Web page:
Religious persecution, the dysfunctional family, assimilation, and loss of identity ripple down in a domino effect in The New York Theater Workshop's An Ordinary Muslim. Such is the predicament of many a Pakistani family living in West London in 2011, where the play is set. It's an especially timely production about the sad fate of immigrants worldwide.
(click for larger version)
In Hammaad Chaudry's beautifully crafted drama, we meet the Bhatti family — young professionals striving to succeed, while maintaining their traditional beliefs about family and domestic living. At the same time, Azeem, his wife, Saima, and his sister, Javeria, try to support their aging parents. They live with one foot stuck in the India of their youth — before the British Partition of Pakistan and India — and the other curiously surfing social media.
While these contrasts are humorous to us, they highlight the cultural disparity at the heart of this story. They also reveal the effects of British imperialism: the loss of nation, state, and home. Expelled from India, where they had been wealthy landowners, driven from Pakistan by poverty, and oppressed in the motherland, England, they are society's underdogs.
Faced with racism in the workplace, both Azeem and his wife become too disillusioned to continue. Their frustrations, like their parents,' pour out in their home lives. Spousal abuse, infidelities, and divorce become a pattern — juxtaposed with the traditional beliefs of their Muslim faith.
In this way, they become their own victims, and appear to us as the jaded cultural stereotypes society depicts. As if the bigotry they face was not sufficient, the grandmother, Malika, speaks to her daughter with hostility, yet she is adoring of her son. Similarly, she ignores her loving granddaughter, giving gifts only to her grandson.
While Jo Bonney's direction is fueled by proselytizing, it also draws out the humanity in these characters, showing us their conflicts and their self-loathing.
At the center of it, Sanjit De Silva's Azeem is articulate and passionate — not just a mouthpiece for the issues. Bluntly, he sums it up in a heated conversation with a colleague: "After all that, you still keep killing us, bombing Muslims any chance you get . . . So David, is it any wonder that people such as those British Muslims, with their British passports, have finally woken up and decided to start killing you back?"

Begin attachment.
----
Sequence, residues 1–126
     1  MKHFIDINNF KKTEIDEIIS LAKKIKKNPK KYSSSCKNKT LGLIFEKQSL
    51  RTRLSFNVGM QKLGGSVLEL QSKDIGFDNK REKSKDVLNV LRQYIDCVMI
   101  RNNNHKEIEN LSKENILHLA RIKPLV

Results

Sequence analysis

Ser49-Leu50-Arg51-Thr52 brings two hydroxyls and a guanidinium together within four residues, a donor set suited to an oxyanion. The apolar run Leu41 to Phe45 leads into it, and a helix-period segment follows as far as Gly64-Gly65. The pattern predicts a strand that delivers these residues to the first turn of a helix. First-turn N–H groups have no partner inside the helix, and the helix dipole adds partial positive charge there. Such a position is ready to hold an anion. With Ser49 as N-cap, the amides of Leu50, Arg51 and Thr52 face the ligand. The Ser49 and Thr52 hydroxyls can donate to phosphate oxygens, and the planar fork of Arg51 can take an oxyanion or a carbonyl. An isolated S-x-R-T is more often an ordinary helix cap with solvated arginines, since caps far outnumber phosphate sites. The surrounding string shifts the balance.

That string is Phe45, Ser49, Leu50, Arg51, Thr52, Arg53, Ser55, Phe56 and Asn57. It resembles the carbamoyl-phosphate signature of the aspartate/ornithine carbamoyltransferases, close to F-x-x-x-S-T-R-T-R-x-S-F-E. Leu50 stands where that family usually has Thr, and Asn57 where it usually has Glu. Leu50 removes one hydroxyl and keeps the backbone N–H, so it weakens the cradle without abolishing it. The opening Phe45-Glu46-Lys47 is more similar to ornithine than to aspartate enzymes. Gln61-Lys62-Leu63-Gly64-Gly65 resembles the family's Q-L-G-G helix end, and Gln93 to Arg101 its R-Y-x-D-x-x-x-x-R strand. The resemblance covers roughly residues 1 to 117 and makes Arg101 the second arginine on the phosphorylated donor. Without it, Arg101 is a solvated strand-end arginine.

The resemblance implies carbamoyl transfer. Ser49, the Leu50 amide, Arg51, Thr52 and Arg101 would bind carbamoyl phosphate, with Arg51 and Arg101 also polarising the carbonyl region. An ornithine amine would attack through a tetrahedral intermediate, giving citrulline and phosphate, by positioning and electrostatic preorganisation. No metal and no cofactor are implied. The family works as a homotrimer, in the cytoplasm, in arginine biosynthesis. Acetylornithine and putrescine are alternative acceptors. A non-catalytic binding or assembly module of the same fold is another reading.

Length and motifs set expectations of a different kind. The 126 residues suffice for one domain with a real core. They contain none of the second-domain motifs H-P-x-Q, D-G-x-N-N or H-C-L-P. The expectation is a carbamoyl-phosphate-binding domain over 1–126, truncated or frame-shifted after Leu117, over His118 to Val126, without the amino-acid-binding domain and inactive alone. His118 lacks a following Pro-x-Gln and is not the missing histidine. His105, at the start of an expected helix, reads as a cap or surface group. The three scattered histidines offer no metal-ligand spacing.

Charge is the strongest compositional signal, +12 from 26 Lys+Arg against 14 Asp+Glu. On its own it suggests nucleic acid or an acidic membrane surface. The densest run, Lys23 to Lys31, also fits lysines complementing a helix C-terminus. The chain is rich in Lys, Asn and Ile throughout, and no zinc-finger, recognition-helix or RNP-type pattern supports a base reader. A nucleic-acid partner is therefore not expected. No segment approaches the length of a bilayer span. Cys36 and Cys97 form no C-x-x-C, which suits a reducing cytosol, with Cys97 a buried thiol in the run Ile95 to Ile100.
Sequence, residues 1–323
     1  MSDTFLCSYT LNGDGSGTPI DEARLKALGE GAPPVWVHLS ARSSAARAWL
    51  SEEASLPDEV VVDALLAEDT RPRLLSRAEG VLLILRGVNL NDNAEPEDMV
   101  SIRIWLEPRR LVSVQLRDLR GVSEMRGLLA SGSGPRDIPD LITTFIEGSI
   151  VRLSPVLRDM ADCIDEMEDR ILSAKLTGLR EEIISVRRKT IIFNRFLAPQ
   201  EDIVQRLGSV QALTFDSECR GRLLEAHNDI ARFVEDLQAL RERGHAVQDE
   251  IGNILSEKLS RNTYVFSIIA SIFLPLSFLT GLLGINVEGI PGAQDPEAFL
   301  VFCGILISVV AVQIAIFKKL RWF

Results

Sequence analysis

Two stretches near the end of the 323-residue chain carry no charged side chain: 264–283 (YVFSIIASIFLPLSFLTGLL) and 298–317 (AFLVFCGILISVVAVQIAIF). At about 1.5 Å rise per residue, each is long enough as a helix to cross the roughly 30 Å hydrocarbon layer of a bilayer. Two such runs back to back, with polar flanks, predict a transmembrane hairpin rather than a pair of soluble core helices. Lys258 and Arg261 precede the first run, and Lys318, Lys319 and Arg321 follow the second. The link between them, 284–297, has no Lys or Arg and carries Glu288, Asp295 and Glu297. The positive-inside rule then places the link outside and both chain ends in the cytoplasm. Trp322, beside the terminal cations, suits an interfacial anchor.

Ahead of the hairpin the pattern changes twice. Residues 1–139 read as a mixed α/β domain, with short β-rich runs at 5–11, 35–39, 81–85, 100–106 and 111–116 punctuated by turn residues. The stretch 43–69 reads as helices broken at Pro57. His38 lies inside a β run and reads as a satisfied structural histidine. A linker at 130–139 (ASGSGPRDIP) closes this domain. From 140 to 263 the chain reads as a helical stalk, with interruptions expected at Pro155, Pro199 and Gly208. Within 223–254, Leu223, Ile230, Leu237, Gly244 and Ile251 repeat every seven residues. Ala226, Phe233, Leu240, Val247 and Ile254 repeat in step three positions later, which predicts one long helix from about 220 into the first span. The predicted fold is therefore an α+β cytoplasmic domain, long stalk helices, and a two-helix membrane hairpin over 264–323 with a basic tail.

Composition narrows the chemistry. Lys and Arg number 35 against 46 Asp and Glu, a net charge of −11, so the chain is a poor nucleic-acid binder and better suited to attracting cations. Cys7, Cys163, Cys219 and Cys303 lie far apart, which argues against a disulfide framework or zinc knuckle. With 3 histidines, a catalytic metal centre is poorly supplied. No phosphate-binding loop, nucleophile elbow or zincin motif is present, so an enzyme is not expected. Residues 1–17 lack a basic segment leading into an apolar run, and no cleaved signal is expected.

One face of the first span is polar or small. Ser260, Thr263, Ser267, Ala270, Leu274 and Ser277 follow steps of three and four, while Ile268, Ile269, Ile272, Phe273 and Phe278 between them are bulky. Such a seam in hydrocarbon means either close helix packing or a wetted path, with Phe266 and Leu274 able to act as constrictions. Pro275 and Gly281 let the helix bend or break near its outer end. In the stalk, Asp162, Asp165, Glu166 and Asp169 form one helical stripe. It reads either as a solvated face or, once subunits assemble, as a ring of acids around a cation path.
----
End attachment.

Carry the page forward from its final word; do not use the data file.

It's a well-wed ensemble, with Ranjit Chowdhry as Akeel, a shrinking, self-serving patriarch. As his wife, Malika, played by Rita Wolf, is two-faced and edgy. Azeem's wife, Saima, portrayed by Purva Bedi, is a study in love and betrayal. The cycle of prejudice goes 'round and 'round.
A Walk with Mr. Heifetz
Discovering the inexplicable language of music is the divine pleasure of playwright James Inverne's new play, A Walk with Mr. Heifetz, at the Cherry Lane Theater. This drama is carried by its parallels to harmony and dissonance in the creation of the state of Israel.
In Act I (1926), we come upon the titular hero, Jascha Heifetz (Adam Green), on the occasion of his first concert in Israel. There he meets Yehuda Sharett (Yuval Boim), a musician and kibbutz leader, who is on a mission to create the music of Israel.
But, his need to discover the bridge between the composer's craft, and the socialist's dream are far from the virtuoso's reality. "For a mission? I think most musicians would say they've found one," Heifetz imparts, as he impatiently, albeit sensitively, tries to entertain Yehuda's ambition.
Throughout their conversation, we're serenaded by the violinist, Mariella Haubs, whose strings bow to Yehuda's inner thoughts, alternately reflecting the strain of the men's conversation and their camaraderie.
Later, in Act II, set in 1945, Yehuda and his brother Moshe Sharett (Erik Lochtefeld) discuss Heifetz's third, and last Israeli tour, during which, against popular sentiment, he performed the music of the Nazi sympathizer, Richard Strauss. As Yehuda laments, "One of us, one of our dear brethren, attacked him outside the King David hotel with a stick. Now he comes no more."
These narrative elements are historically accurate. Moshe is of particular interest here, as he served as Israel's Prime Minister, during the turbulent years, 1954 to 1955.
As brothers, they share the loss of a sister, along with the more recent passing of Yehuda's wife, Rachel, who perished in an accident. In Act I, she is the girlfriend, and the muse, he talks about to Heifetz.
Arriving to lift his brother's spirits, Moshe brings music — a recording based on a melody sung by the inmates of Theresienstadt. It's called "Rachel's Song," by Yehuda Sharett. It's based on a poem his deceased wife had discovered, and which he recites to Heifetz, in the first act.
As Moshe Sharett, Erik Lochtefeld is especially convincing. He even looks a lot like the historical Sharett. Adam Green's Heifetz looks the part of the playboy, the Russian Jew who captured the American dream. Yuval Boim's Yehuda earnestly paves the way to enlightenment.
In director Andrew Leynse's hands, the production flows easily, focusing on the music we hear, and hear about. Art as inspiration is beautifully evoked, and the need for hope is wondrously rekindled.